How to Get Started Writing

5 May 2011

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  Image by Rennett Stowe

 

The American poet, Robert Frost once said, ‘The brain is a wonderful organ. It starts the moment you get up and doesn’t stop until you get into the office.’

 

This is particularly true for many of us when we have to write. We might sit staring at a blank computer screen and wonder, ‘How do I get started on this report?’  

 

One way to get past that problem is – don’t start at the beginning of the document.

 

Start at the end.

 

At the end of most emails or reports, we write what we want the reader to do. This action is the whole aim of writing at work – basically, getting stuff done. For example,

--Please send me…

--Please take care of …

--I recommend we …

--I suggest that we …

 

First step

So, first write down a sentence that states the reader’s action. (It’s part of the ROADmap, described on page 6 of Business Writing with TASTE.)

 

Second step

Next, think about what the reader would ask if you told them to do something, and write down those questions.

 

Example 1: If your action statement is, ‘Please take care of the XX problem’, the reader might ask questions like these:

--What specifically is the problem?

--What caused it?

--What might happen if we don’t take care of it?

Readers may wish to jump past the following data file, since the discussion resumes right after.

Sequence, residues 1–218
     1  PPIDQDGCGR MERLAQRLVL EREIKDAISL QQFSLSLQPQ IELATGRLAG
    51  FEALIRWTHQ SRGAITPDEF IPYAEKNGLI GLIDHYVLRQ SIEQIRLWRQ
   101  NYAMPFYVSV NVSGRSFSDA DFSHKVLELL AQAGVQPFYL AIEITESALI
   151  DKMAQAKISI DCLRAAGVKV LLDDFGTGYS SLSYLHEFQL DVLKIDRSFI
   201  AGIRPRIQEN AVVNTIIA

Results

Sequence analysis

--How should I take care of it?

--When do you want me to get this done?

--Do we have a budget?

--etc

 

Example 2: In some cases, you won’t have a specific action statement. Instead the reader has asked you to send information so they can do something. Let’s say, for example, your boss needs to know the status of a project you’re working on.

 

So you’d need to ask yourself some questions, for example:

--Why does my boss need to know the status of the project?

--What/How much have I done so far on the project?

--What problems have I had with it?

--What will I be doing next?

--What do I need to get things done?

--etc

 

Third step

After you’ve got the questions in step 2, start jotting down the answers.

 

By the time you start doing this, you’ll probably discover that the writing is easier and the document almost writes itself.

 

Fourth step

Remember – what you’ve done in steps 1 to 3 is only a first draft. You’ll need to go back to make sure that everything is complete and in a logical order, and of course, written in clear language.

 

How do you get started writing?

Do you have any tips on how you get started writing documents at work? Please share them in the comments.

Copyright 2014 DeGolyer Associates Ltd |  Contact Deborah at:  writewithtaste@me.com